From today's featured article
Nadezhda Alliluyeva (1901–1932), also known as Nadya or Nadia, was the second wife of Soviet leader Joseph Stalin. She was born in Baku to a friend of Stalin, a fellow revolutionary, and was raised in Saint Petersburg. Alliluyeva was exposed to revolutionary activity throughout her youth. Having known Stalin from a young age, she married him when she was 18, and they had two children. Alliluyeva worked as a secretary for Bolshevik leaders, including Vladimir Lenin and Stalin, and also as an assistant in the Department of Agitation and Propaganda, before enrolling at the Industrial Academy in Moscow to study synthetic fibres and become an engineer. She had health issues, which had an adverse impact on her relationship with Stalin. She also suspected he was unfaithful, which led to frequent arguments with him. On several occasions, Alliluyeva reportedly contemplated leaving Stalin. After an argument she shot herself early in the morning of 9 November 1932. (Full article...)
Did you know ...
- ... that Symphyotrichum kentuckiense (flower head pictured), the Kentucky aster, is only found on limestone cedar glades and limestone roadsides in Alabama, Georgia, Kentucky, and Tennessee?
- ... that Jarn Mound was erected to view the "dreaming spires"?
- ... that the external models of the Popcom modem have no status lights, instead providing feedback to the user through touch tones?
- ... that Burmese scholar Shaw Loo was Bucknell University's first international student?
- ... that The Sims 4 by Maxis started as an online multiplayer game, but was transitioned to a single-player experience following the negative launch reception of SimCity in 2013?
- ... that the Concerto for Piano and String Orchestra was described by its composer, Alfred Schnittke, as sounding like a "blues nightmare" at one point?
- ... that background research for Dujanah included interviews with Muslim apostates and a Scottish veteran of Afghanistan?
- ... that Chinese physician Zhang Jiebin believed that tobacco smoking was good for health?
In the news
- After a failed attempt at dissolving Congress, Peruvian president Pedro Castillo is impeached and removed from office, and Dina Boluarte (pictured) becomes the country's first female president.
- Jiang Zemin, former general secretary of the Chinese Communist Party, dies at the age of 96.
- A deadly fire in Ürümqi escalates ongoing protests across China in response to the government's zero-COVID policy.
- Anwar Ibrahim of the Pakatan Harapan coalition becomes Prime Minister of Malaysia after the general election produces the nation's first hung parliament.
On this day
- 1822 – In a memoir read to the French Academy of Sciences, Augustin-Jean Fresnel coined the terms linear, circular, and elliptical polarization, and reported a direct refraction experiment verifying his theory that optical rotation is a form of birefringence.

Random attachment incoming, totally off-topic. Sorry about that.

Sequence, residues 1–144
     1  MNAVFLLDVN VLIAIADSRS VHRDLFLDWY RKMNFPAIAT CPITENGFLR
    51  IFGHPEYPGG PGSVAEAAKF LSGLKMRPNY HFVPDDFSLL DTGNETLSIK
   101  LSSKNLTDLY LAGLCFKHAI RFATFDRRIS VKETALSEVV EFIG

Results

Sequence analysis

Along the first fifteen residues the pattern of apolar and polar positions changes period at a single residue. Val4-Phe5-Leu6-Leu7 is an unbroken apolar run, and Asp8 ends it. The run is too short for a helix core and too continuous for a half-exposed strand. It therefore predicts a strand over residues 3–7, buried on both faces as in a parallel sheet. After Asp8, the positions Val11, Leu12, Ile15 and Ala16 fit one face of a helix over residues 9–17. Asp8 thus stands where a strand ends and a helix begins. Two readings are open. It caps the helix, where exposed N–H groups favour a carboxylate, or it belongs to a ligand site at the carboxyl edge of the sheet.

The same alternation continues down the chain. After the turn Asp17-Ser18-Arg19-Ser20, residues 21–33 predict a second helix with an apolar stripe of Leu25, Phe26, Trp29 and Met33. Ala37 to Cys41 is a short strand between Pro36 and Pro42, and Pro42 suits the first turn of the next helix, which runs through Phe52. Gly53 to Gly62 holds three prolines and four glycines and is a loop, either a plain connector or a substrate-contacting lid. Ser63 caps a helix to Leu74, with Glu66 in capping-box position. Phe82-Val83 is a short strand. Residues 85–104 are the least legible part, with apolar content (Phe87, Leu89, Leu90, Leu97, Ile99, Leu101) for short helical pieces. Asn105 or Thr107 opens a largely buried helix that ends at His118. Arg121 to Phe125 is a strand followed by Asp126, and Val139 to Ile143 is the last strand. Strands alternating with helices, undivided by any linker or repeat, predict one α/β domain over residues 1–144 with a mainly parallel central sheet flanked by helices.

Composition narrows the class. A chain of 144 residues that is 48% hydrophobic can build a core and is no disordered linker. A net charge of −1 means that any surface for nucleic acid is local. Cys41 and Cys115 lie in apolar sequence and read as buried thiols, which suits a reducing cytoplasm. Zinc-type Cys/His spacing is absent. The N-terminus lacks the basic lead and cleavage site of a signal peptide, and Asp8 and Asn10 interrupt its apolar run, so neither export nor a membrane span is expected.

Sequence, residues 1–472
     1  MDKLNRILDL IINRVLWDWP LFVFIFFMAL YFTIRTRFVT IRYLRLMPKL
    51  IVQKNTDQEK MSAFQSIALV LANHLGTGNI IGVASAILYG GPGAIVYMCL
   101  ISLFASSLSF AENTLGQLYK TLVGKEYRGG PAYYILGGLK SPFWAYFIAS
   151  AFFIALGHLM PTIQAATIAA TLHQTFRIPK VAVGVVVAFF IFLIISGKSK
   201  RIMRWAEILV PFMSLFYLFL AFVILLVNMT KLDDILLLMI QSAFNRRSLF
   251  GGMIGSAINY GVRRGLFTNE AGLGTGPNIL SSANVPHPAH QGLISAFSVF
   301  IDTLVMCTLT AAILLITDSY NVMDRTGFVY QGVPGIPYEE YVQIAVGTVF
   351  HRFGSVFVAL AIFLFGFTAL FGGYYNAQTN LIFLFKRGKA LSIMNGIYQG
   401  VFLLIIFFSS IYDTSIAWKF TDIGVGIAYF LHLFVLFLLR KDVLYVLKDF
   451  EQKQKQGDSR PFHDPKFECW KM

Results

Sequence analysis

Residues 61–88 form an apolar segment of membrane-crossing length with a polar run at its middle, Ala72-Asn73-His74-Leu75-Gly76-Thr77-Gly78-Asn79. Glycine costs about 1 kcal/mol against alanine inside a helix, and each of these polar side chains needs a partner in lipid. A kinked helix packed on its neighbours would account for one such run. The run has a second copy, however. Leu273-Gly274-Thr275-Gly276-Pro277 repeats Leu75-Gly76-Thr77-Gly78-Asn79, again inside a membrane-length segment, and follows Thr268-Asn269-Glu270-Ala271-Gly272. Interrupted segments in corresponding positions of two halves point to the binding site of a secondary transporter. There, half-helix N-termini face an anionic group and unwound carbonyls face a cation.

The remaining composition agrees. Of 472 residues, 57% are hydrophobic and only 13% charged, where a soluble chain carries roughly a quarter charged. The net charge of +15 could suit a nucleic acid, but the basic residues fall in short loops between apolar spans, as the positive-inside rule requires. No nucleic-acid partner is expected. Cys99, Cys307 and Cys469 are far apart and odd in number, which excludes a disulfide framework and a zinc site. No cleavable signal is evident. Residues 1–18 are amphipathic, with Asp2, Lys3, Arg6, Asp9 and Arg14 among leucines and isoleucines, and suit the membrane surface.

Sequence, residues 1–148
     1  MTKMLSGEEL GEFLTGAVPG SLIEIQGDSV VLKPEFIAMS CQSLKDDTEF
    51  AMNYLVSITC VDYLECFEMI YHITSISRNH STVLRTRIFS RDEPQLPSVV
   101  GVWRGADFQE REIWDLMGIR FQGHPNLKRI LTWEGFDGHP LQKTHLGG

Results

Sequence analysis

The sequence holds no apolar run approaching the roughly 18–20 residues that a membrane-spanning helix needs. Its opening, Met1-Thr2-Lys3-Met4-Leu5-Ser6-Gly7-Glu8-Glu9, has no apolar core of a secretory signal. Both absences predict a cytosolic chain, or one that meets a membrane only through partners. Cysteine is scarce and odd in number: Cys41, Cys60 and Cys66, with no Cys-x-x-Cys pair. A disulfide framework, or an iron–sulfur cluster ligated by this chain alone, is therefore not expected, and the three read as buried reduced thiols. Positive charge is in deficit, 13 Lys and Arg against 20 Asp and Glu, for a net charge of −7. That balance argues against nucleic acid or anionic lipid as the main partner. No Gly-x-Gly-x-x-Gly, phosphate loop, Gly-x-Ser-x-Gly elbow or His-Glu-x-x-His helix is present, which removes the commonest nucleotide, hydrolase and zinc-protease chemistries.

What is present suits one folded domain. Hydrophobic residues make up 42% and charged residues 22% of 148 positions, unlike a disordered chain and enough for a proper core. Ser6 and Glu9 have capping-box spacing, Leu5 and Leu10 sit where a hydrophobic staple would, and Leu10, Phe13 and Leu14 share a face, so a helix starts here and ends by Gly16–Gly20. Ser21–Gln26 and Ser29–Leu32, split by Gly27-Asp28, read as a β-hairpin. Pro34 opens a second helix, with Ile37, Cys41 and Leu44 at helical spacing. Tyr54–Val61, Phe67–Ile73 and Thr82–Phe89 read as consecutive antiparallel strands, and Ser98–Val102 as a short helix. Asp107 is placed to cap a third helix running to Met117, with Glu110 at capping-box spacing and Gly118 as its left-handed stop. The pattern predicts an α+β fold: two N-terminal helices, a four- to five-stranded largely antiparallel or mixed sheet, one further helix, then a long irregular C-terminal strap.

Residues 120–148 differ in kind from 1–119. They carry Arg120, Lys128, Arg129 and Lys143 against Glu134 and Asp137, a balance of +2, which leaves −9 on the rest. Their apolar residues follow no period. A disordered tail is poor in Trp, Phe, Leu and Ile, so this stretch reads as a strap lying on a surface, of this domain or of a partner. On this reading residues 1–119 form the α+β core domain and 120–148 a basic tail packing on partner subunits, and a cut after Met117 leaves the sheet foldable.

- 1892 – The English association football club Newcastle United was founded by the merger of Newcastle East End and West End.
- 1917 – First World War: Hussein al-Husayni, the Ottoman mayor of Jerusalem, surrendered the city to British forces (pictured).
- 1961 – Tanganyika Territory gained independence from Britain before becoming part of Tanzania three years later.
- 1981 – Mumia Abu-Jamal was arrested for the murder of Philadelphia police officer Daniel Faulkner; his subsequent conviction and death sentence generated controversy in the United States.
- 2016 – Park Geun-hye, the president of South Korea, was impeached, marking the culmination of the country's political scandal.
From today's featured list
Today's featured picture
The Divine Comedy is an Italian narrative poem by Dante Alighieri, begun around 1308 and completed in around 1321, shortly before the author's death. The poem's imaginative vision of the afterlife is representative of the medieval worldview as it existed in the Western Church by the 14th century. It helped establish the Tuscan dialect, in which it is written, as the standardized Italian language. It is divided into three parts: Inferno, Purgatorio and Paradiso. The subject of the narrative is the state of the soul after death and presents an image of divine justice meted out as due punishment or reward. In the poem, Dante travels through Hell, Purgatory and Heaven, and is accompanied by three guides: the Roman poet Virgil (who accompanies him for all of Hell and most of Purgatory), Dante's muse Beatrice (at the end of Purgatory and for most of Heaven) and Saint Bernard of Clairvaux (who guides him in the final cantos of Heaven).
This oil-on-canvas painting, titled Dante and Virgil and completed by the French artist William-Adolphe Bouguereau in 1850, depicts Dante with Virgil observing two damned souls in eternal combat in Hell. Capocchio, an alchemist and heretic, is being bitten on the neck by the trickster Gianni Schicchi, who had used fraud to claim another man's inheritance. The painting now hangs in the Musée d'Orsay in Paris.
Painting credit: William-Adolphe Bouguereau
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